Some longer-term studies with whole plants in higher light indicate that light quality may have a smaller effect on plant growth rate than light quantity.


The relation between light and the energy it can carry is described in the Law of Planck.

This law explains us why photons in the red spectrum have a higher impact on plant photosynthesis than for example a blue photon.

Energy of a Photonλ = hc/ λ = 2.10-25 (J m)/ λ
Energy of a µmol (≈ 6.1017) Photonλ ≈ 12.10-8 (J m)/ λ

Or simply expressed as a rule of thumb, the energy of a photon µmol in J ≈ 120/ λ where λ = the wavelength of the photon in nm.

From this relation between the light wave length and the energy, we can conclude that red photons in the 660nm bandwidth can carry much more energy than longer wavelengths like blue 450nm.
Maximum energy of a deep red 660nm photon ≈ 660nm/ 120 ≈ 5.5µmol/J

Maximum energy of a blue 450 photon ≈ 450nm/ 120 ≈ 3.75µmol/J

Of course above values are absolute maximum ratings.
At this moment the highest efficacy what has been reached in a 660nm wavelength LED package is 3.5µmol/J (Osram Oslon Square V2 – Q1 2018).
This also indicates that in the future further major improvements on efficacy can be expected.

Photosynthetic Photon Flux Density (PPFD)

Photosynthetic Photon Flux Density (PPFD) measures the light that actually arrives at the crop canopy.

The amount of light that actually reaches your plants and algae within the PAR region or the number of photosynthetically active photons that fall on a given surface each second.

Expressed in μmol/s.m².

This also explains why LED grow lights foreseen from advanced optics outperform those without optical controls. Similar to white light applications, a LED emitter has a rather large light distribution – without corrections by optics controls a big piece of the emitted PPF energy doesn’t land on the canopy where you want it.

Optical controls by TIR (Totally Internal Reflection) lenses also improves the leaf canopy penetration in a similar way a diffuse greenhouse glass creates more light scattering and a better homogeneous light distribution over the leaves.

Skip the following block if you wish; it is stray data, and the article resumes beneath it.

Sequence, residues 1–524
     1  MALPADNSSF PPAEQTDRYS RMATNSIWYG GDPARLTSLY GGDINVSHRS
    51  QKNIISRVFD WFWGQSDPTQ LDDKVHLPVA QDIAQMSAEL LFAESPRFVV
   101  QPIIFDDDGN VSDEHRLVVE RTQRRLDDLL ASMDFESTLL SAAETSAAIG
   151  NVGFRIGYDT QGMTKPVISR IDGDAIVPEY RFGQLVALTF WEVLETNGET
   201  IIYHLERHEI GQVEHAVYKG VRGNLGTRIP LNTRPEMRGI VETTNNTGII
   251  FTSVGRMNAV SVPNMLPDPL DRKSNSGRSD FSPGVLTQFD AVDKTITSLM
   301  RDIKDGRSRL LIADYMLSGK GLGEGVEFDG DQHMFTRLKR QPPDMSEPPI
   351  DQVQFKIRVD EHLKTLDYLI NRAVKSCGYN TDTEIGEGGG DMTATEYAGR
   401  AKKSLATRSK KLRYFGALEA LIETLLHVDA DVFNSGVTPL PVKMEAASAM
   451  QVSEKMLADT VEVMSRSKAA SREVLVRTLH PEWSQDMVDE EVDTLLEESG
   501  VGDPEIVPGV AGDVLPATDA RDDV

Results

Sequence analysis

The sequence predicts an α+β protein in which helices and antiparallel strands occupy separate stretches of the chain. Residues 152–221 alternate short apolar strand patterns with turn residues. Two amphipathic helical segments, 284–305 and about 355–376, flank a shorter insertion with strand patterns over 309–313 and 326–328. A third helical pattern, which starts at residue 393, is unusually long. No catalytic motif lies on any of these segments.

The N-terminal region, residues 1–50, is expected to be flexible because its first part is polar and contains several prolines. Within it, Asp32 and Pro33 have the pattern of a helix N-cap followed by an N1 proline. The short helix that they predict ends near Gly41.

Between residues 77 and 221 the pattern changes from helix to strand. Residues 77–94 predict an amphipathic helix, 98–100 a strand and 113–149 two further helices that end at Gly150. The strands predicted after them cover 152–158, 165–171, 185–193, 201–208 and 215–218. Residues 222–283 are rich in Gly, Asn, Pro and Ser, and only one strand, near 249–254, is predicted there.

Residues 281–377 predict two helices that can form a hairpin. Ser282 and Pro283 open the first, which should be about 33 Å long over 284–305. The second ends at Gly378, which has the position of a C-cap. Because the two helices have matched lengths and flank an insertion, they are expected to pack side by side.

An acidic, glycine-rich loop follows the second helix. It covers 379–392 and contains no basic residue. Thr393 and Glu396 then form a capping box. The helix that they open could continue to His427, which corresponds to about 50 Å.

Light is more homogeneously distributed under diffuse light (B) compared with direct light (A) where many sun flecks in the middle and lower part of the canopy are seen. (Li et al., 2014a/b, photo courtesy of Wageningen UR Greenhouse Horticulture, Bleiswijk)


Greenhouse light spill leading to lower PPFD values and enormous energy waste. Light spill is defined as all the energy which is created and is not absorbed by the leaf.

Daily Light Integral (DLI)

Daily Light Integral (DLI) measures the total amount of light that is delivered to a plant every day.
DLI is a cumulative measurement of the total number of photons that reach the plants and algae during the daily photoperiod.

DLI measures the number of “moles” of photons per square meter per day and is expressed as mol/d.m².

Photon Efficacy

Photon Efficacy refers to how efficient a horticulture lighting system is at converting electrical energy into photons of PAR.

With the PPF and the input wattage, you can calculate the efficiency.

Expressed in µmol/J.

The higher the number, the more efficient a lighting system is at converting electrical energy into photons of PAR.

But remember this number doesn’t tell us anything about the effectiveness of the light on your crops and doesn’t count the light frequencies above 700nm.